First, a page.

There is hard science to prove that our minds have a great impact on our physical health. There are practical applications and there are physiological responses of which we are unaware. Both are critical to our well-being.
In 1990 a survey was taken to begin to study the effect of perception on health.  Participants were asked how active they thought they were in relation to other people. Everyone’s activity levels were scientifically monitored and recorded. The people who believed themselves to be less active had a 71% higher death rate in the followup period than their peers, regardless of the accuracy of that belief. Some were equally active or more active than their peers. Their mindset is what changed their mortality rate. The mindset of being under par, or “less than”, can produce physiological changes such as depression and increased blood pressure, insomnia and more that shorten lifespan. Practically speaking, these people were less likely to take care of themselves in other ways and therefore made decisions that may have contributed to their earlier demise. Think about it. If you think you “messed up” aren’t you more likely to just toss in the towel? That is a deadly behavior.
The Placebo Effect
An extremely interesting part of this study was when participants were given an ordinary milkshake of 380 calories and some were told that it was a decadent treat of 620 calories, the ghrelin response was astounding. It plummeted. Ghrelin is the hormone that activates hunger. When the participants were told that the milkshake was a sensible treat of 140 calories, the ghrelin response stayed almost the same. So, drinking the same milkshake, with a different mindset, produced different levels of satisfaction. This shows that perception, or mindset, had a physical effect on the participants. The placebo effect is a well accepted fact in the practice of medicine and after this study, it has become an integral part of psychology.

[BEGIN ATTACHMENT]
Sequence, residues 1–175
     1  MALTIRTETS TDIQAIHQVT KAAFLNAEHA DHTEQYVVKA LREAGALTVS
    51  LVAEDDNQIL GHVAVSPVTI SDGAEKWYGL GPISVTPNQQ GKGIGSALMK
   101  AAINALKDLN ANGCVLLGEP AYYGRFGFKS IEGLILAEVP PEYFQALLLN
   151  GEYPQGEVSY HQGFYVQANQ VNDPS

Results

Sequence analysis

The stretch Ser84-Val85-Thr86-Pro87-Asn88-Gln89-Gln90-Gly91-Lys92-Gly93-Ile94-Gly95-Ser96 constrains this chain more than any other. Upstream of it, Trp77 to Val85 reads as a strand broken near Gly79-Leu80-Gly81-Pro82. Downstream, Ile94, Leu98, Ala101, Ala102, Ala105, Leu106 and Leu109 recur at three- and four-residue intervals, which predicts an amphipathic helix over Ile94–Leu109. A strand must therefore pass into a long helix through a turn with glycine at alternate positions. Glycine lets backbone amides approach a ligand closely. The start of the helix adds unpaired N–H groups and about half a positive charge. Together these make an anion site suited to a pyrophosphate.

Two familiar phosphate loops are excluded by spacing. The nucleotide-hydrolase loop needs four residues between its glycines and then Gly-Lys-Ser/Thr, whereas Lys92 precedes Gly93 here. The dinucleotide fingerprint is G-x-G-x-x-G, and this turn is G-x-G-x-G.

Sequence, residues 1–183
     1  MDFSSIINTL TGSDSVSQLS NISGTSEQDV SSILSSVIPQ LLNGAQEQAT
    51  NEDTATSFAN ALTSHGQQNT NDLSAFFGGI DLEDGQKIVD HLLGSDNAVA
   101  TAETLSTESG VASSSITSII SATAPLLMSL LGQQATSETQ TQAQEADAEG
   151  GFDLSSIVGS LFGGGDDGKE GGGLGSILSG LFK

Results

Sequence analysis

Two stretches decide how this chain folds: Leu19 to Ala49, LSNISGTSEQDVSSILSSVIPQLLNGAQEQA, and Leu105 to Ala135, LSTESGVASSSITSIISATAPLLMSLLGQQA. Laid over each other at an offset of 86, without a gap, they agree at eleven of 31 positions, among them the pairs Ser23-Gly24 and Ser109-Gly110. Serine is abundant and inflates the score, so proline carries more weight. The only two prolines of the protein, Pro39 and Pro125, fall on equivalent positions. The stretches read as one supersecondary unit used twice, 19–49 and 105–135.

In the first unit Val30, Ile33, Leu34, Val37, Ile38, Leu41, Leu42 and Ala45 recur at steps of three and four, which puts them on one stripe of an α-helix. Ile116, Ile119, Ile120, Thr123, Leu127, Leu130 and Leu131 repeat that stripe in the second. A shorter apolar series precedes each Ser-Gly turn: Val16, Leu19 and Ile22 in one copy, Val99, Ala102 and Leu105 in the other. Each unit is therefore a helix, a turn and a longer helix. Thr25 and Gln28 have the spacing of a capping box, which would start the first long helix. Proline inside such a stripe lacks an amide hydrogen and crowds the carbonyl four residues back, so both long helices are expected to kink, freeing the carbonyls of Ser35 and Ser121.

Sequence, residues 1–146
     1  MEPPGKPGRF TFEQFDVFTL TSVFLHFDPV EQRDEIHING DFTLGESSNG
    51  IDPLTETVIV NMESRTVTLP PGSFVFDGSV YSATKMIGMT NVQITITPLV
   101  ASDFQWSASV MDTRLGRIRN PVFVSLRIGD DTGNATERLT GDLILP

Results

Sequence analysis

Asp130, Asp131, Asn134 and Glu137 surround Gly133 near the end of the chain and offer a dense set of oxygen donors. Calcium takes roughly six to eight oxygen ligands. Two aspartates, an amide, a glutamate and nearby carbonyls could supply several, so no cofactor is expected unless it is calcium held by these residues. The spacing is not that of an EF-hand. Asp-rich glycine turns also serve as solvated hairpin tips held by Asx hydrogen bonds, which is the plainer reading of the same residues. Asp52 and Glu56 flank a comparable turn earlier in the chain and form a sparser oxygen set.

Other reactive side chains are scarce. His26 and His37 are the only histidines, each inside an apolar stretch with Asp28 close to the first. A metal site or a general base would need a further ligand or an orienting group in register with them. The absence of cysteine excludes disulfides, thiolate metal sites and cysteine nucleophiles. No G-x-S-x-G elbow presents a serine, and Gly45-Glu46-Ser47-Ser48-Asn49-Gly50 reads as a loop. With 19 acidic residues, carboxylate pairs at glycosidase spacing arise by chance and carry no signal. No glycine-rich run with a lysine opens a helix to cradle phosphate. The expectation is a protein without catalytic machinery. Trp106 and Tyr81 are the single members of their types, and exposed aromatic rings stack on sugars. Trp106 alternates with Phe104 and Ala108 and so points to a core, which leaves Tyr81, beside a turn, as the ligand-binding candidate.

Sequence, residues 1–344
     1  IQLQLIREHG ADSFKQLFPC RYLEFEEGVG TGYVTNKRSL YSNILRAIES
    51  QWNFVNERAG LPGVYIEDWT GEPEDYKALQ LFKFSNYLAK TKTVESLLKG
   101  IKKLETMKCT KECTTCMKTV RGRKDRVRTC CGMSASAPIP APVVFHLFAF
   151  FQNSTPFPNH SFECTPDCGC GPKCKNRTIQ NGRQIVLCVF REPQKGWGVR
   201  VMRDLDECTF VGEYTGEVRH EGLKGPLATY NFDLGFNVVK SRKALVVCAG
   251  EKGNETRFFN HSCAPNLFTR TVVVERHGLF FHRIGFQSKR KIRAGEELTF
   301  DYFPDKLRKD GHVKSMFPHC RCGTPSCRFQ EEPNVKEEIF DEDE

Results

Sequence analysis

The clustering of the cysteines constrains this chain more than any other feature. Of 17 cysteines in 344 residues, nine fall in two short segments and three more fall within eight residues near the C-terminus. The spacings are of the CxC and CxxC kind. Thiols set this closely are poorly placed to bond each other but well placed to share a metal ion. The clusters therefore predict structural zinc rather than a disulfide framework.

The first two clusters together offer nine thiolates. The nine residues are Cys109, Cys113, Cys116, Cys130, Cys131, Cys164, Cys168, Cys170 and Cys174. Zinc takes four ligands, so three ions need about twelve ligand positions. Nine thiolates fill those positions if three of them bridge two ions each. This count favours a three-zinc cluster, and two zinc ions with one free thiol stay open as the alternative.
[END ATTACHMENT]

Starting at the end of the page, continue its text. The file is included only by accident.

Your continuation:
Perception of stress was also studied and it was discovered that the combination of stress plus a participants belief that stress was bad for their health led to an increased risk of premature death. The combination had to be present. The stress alone was not known to be deadly but when combined with the belief that it was, it became life threatening.
We so often say and hear that our happiness is a choice. It really is. It comes down to the glass half empty or half full ideology. How do you see your life? Are you thankful for the positive things? Do you lament going to work or are you thankful that you have a job? Are you thrilled with the progress you’re making in your fitness regimen or are you constantly comparing yourself to false media images? Are you happy that you are stronger than ever or are you bitter about growing old? Do you believe loved ones who admire you or do you think they’re insincere? Are you thankful that you can survive financially or are you always angrily looking at what others have and feeling deprived? The answers to these questions not only affect your happiness and health now, they will play a part in how long you live. If you are a positive thinker, BRAVO! If you are not, learn to be. Your future will thank you for it. ;-*